WesternU’s Ray Symposium Tackles Drug Pricing

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Dana Goldman, PhD, Leonard D. Schaeffer Chair and Distinguished Professor of Pharmacy, Public Policy and Economics at the University of Southern California, served as the keynote speaker for Western University of Health Sciences’ Ray Symposium April 20, 2017. His topic: “Re-Thinking Value in an Era of Health Reform.”

Left to right: WesternU College of Pharmacy Dean Emeritus Max Ray, PharmD, Ray Symposium speaker Dana Goldman, PhD, and College of Pharmacy Dean Daniel Robinson, PharmD.(Mirza Hasanefendic, WesternU)

Providing broad access to life-saving drugs and rewarding the innovators who develop those drugs often end up in opposition, but there is a better way to address this problem.

That was the message from Dana Goldman, PhD, Leonard D. Schaeffer Chair and Distinguished Professor of Pharmacy, Public Policy and Economics at the University of Southern California, who served as the keynote speaker for Western University of Health Sciences’ Ray Symposium April 20, 2017.

The Ray Symposium, presented by WesternU’s College of Pharmacy and Interprofessional Education program, honors Max D. Ray, MS, PharmD, Dean Emeritus of the College of Pharmacy. The symposium focused on “Re-Thinking Value in an Era of Health Reform.”

Goldman opened his talk by explaining the “innovation and access dilemma.” In the short run, the public wants unfettered access to a new, highly-effective drug treatment. High prices might limit access to the drug, so ideally the prices should be set at the cost of production.

But pharmaceutical research and development is risky, and in order to get people to invest in risky endeavors you have to pay them a reward, he said.

“We developed things like patents, market exclusivity and research subsidies that are designed to generate innovation. We want to reward the innovators,” Goldman said. “In the long run we want prices to be high for innovation, but in the short run we want them to be low.”

This is not merely an academic, theoretical debate. It played out quite dramatically with the development of highly active antiretroviral therapy to treat HIV in the mid-1990s.

“The goal for medical innovation is to have people live longer. In 1994 we were starting to make some progress with drugs like AZT. But by 2000 we’d shifted out their survival curve even more,” Goldman said.

The life expectancy for a patient with HIV went from 19 years in 1984 to 34 years by 2000.

“So we shifted it by 15 years. That's a remarkable accomplishment. You take an illness that was affecting people in the prime years of their life and you’re adding 15 years of life and perhaps more,” he said.

Manufacturers of those drugs made $63 billion in profit.

“You might look at that and think that is a very large number. And maybe you think that’s not even ethical,” Goldman said. “On the other hand, if you take the hundreds of thousands of people who get HIV and multiply that by 15 years of life each one of them gets, then multiply the value of a life year, say $100,000 to $150,000, you get $1.4 trillion in patient health benefits.”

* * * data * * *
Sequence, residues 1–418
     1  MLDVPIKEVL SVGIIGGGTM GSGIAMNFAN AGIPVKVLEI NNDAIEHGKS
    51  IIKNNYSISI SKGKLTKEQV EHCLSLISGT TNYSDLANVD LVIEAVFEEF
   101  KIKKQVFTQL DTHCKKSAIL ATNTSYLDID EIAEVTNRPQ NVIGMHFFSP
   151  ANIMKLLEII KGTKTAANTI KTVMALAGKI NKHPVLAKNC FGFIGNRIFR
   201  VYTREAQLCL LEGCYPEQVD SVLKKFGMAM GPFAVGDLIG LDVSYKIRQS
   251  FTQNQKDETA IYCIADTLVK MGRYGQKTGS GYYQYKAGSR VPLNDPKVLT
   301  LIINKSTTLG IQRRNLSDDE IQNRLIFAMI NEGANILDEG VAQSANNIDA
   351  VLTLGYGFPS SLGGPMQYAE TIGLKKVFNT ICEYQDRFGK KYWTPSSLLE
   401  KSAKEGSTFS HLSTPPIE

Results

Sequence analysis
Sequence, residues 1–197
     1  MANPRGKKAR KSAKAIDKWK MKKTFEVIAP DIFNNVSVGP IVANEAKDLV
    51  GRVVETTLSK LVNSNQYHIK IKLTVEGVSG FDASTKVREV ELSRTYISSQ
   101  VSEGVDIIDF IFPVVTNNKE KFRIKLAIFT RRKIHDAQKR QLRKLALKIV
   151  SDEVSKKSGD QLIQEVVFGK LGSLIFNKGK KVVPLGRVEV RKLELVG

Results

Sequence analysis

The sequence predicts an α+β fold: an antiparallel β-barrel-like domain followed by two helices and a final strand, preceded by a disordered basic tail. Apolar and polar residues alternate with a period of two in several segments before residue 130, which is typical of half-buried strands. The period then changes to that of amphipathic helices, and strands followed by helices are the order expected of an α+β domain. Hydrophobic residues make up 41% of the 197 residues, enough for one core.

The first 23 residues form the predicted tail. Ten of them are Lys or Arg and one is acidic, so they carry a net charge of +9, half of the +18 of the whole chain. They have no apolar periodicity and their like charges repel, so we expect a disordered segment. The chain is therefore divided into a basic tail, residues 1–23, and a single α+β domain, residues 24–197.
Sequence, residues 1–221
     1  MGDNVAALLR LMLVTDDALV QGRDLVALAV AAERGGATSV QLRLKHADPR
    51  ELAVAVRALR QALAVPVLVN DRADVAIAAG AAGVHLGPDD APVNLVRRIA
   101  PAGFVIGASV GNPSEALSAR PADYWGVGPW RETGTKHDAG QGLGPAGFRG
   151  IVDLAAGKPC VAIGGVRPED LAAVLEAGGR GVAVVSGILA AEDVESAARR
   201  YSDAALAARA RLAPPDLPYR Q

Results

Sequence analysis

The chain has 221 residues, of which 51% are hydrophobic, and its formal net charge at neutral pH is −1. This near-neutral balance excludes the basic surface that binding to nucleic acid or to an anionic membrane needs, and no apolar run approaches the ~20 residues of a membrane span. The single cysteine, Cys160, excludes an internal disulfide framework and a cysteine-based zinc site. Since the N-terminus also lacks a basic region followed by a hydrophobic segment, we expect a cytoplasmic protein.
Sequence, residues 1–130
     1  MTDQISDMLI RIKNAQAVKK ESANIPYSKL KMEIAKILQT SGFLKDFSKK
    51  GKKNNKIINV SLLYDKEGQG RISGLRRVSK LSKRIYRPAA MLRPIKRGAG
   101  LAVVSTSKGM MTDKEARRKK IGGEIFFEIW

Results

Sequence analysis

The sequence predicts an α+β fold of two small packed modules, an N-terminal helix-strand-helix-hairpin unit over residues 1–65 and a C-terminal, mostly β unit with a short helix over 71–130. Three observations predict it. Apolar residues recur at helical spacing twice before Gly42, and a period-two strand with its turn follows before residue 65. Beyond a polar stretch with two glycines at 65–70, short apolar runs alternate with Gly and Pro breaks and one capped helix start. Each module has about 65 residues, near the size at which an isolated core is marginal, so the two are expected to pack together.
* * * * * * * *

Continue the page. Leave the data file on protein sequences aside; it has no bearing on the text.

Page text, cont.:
Of the value created to society, about 5 percent of value was returned to the innovators.

“That $63 billion that sounded like an unethical number becomes 5 percent of return to the innovator, and it raises important questions. You could even argue that the returns were too low. It doesn’t encourage enough innovation,” Goldman said.

Another health issue that also illuminates the problems with innovation versus access is the development of statins, or cholesterol-lowering medications. There are millions of Americans who are not meeting their cholesterol goals. We have a problem of under-treatment, and one reason is people don’t comply with their doctor’s orders, Goldman said.

“If you charge people a $10 copay for their statins you’ll find, regardless of their cardiovascular risk, only about 60 percent will take their medicine the therapeutically-optimal amount of time,” Goldman said. “If you double that copay, you’ll get a 12 percentage point reduction in compliance. We know cost-sharing matters.”

But there are other pricing models that encourage innovation, Goldman said. Drugs are not like an office visit. They have more in common with something like a Microsoft operating system.

“Microsoft spends a whole bunch of money on R&D and hires programmers, and then they shrink wrap their product and sell it to you,” Goldman said. “Now, Microsoft does not charge you every time you turn on your computer. What they want you to do is use it as much as possible. What you buy is a license to use the product, and that license is designed to reward the innovator for developing the product.”

So to place statins into this example, instead of charging a $25 copay, you could charge a $195 license – paid by the insurer – and that license will give you access to however much statin as you and your doctor think you need.

“What we showed is by doing that, you suddenly remove any of the effect of copay on use, and you can magically improve adherence from about 65 percent to 80 percent,” Goldman said. “In a population of about 10,000 people that means 127 fewer hospital stays during the year. The manufacturer ends up getting the exact same profits. But who has won? Society has won. The patients have won. They get better compliance.”

The health plan actually saves some money and that money could be divided among the health plan, the manufacturer and the patient, Goldman said.

“If we get out of this model of paying per use and thinking about rewarding the innovation, we can maybe do better,” he said.

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Rodney Tanaka
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